Take that! Right on time, Mother Nature let us know that winter is here, no ifs, buts or maybes. Sudden drops in temperature all around the country with squally conditions are making for somewhat limited fishing opportunities. However the silver lining is shining brightly – sudden drops in wind speed are coming, so you're best to get prepared now while it's stormy, then make the most of it.
Winter is prime time for intermittent but gloriously calm sunny days often with some extraordinarily big fish keen to feed, a cool, clear briskness to the morning air, filled with anticipation as the fishing unfolds. Perhaps a bit like us during the first few mornings of colder wakeups, many gannets flew only as far as necessary for a feed. The Firth has had some nice action recently with lots of kahawai and pannie snapper as well.
The water temperature is also receding, signalling the changing of the guard out there. Expect to have some really good fishing sessions over this next week. Mid-morning tidal changes, lots of current, a good moon, autumn to winter change – what's not to like about that forecast! After stormy weather, it may take a day of calm before the real deal of feeding comes back on, the water will be murky, but the fishing excitement should be building, the fish are ready and waiting. Casual drift fishing with quality lures will catch snapper relatively easily in 35m+. There are plenty of grazing snapper still around and further out there are some good schools of snapper with bigger models among them. Use your sounder and if you see any good midwater bait sign – stop drop and roll out a few of your favourite jigs/lures. Softbaits are almost like cheating in 40m. Use a kabura head to help get the lure down to the sea floor if needed, then just wind slowly up, no need for much more action than a gently swimming little morsel.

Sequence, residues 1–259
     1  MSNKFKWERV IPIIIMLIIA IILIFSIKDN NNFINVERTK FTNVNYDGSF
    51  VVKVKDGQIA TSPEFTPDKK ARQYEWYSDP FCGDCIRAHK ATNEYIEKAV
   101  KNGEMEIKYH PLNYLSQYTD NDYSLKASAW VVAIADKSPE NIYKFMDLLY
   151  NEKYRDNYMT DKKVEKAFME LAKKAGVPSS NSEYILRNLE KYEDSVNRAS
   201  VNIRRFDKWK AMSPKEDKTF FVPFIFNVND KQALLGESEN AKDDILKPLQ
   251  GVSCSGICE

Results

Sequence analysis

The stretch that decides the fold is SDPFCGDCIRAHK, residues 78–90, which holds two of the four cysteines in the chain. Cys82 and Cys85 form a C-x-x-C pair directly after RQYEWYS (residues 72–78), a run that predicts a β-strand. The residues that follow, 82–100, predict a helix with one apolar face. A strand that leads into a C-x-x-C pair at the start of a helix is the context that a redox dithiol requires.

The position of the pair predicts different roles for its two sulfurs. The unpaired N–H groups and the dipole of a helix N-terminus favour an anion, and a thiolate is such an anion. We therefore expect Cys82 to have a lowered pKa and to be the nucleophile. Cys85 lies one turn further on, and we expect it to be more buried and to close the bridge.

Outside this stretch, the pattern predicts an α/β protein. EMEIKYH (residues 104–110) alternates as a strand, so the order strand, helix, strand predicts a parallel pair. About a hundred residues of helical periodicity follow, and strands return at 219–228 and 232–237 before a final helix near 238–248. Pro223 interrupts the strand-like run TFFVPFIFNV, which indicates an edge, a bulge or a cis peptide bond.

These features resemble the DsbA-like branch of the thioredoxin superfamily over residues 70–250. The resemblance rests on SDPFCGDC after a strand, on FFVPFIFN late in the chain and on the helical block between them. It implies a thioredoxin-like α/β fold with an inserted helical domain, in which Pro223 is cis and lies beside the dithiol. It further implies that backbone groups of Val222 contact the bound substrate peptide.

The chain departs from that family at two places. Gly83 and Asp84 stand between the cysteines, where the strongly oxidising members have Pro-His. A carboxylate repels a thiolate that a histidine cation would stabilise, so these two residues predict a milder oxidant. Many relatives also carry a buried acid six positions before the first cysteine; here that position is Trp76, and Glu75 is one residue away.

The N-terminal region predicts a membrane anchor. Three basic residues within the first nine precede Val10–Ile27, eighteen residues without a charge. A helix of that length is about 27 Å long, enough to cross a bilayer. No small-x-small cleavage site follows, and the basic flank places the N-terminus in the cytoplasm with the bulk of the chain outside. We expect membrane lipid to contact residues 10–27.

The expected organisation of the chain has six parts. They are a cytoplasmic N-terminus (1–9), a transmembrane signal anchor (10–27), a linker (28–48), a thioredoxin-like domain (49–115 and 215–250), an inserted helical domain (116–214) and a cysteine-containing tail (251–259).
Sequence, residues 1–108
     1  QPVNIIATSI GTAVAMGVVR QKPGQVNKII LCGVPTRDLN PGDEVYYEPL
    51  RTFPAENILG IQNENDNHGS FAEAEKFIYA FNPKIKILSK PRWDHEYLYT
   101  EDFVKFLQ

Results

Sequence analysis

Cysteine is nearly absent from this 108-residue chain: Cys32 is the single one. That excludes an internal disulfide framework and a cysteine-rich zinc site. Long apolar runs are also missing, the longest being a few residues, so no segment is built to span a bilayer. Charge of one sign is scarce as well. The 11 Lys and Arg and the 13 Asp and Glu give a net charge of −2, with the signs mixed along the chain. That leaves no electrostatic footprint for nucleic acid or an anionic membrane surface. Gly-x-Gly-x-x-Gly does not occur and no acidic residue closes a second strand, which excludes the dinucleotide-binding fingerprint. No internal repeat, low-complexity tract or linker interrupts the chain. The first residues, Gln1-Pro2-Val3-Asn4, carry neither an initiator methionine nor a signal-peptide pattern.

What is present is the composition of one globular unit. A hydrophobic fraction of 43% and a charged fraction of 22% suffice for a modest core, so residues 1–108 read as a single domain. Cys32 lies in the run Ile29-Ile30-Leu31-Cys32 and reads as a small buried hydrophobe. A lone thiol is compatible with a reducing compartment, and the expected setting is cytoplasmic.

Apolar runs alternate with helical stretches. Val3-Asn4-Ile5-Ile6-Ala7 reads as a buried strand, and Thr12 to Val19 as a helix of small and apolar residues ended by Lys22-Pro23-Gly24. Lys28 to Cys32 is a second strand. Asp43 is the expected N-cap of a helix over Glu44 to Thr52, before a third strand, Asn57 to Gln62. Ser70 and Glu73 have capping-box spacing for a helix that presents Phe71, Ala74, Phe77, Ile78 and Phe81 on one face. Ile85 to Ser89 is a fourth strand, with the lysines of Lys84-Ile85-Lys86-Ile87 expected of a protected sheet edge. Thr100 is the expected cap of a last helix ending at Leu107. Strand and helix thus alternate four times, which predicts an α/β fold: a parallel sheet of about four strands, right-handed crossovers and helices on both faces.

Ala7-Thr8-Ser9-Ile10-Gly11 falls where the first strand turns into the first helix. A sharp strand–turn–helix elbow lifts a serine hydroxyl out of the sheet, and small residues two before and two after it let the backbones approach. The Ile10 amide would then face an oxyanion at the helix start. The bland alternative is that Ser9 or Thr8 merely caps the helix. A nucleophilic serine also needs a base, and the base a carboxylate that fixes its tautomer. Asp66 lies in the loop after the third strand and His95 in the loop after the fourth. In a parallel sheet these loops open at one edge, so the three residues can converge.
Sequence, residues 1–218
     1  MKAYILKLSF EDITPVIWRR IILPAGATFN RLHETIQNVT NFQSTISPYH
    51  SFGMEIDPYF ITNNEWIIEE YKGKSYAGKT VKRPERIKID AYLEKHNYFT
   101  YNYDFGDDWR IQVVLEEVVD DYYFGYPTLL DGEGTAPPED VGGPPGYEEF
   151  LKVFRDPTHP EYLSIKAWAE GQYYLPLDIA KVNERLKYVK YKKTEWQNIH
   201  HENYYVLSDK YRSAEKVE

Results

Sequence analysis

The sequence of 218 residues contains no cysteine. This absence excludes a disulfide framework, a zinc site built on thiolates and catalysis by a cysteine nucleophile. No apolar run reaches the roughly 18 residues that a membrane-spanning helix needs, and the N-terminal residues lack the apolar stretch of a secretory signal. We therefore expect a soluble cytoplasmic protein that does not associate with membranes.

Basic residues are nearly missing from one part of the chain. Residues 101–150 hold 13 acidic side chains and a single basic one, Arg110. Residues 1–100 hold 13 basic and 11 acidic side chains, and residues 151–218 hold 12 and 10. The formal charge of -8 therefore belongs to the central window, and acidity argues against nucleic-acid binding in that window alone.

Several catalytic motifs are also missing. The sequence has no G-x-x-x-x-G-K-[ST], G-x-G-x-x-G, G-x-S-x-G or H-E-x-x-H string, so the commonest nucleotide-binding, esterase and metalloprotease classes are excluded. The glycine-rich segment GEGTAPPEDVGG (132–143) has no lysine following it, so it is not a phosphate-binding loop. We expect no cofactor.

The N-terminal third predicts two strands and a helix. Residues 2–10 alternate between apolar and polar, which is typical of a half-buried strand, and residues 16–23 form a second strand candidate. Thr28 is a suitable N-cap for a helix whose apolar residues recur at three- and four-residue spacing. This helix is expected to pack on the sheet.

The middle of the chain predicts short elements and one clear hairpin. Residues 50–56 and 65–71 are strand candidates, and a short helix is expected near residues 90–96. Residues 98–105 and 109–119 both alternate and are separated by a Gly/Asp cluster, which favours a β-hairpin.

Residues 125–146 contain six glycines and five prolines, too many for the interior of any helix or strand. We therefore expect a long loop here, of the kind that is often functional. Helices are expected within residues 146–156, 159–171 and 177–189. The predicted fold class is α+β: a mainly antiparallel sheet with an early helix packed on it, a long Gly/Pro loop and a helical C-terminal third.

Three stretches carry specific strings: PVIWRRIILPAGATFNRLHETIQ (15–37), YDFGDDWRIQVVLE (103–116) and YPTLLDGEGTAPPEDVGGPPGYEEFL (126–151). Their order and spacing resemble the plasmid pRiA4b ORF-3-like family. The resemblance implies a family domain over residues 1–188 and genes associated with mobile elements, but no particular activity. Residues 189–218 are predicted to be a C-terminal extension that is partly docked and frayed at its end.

Don't forget the easy rule of 2 x water depth in metres = jig weight. So if you're fishing in 30m, try a 60gm jig to start, easy. Use skirted lures to start, and change to bigger un-skirted lures, slow pitch for instance, when you can – they are catching some very good fish, kingfish, snapper and trevally.
You'll probably need to go up from 20lb leader to 30 or 40lb when they are on the chew. The workup action should be rewarding, and the chase is on for the pot of gold, it could be near or far - have fun finding them!
Enjoy the calmer weather and those wonderful hook-ups!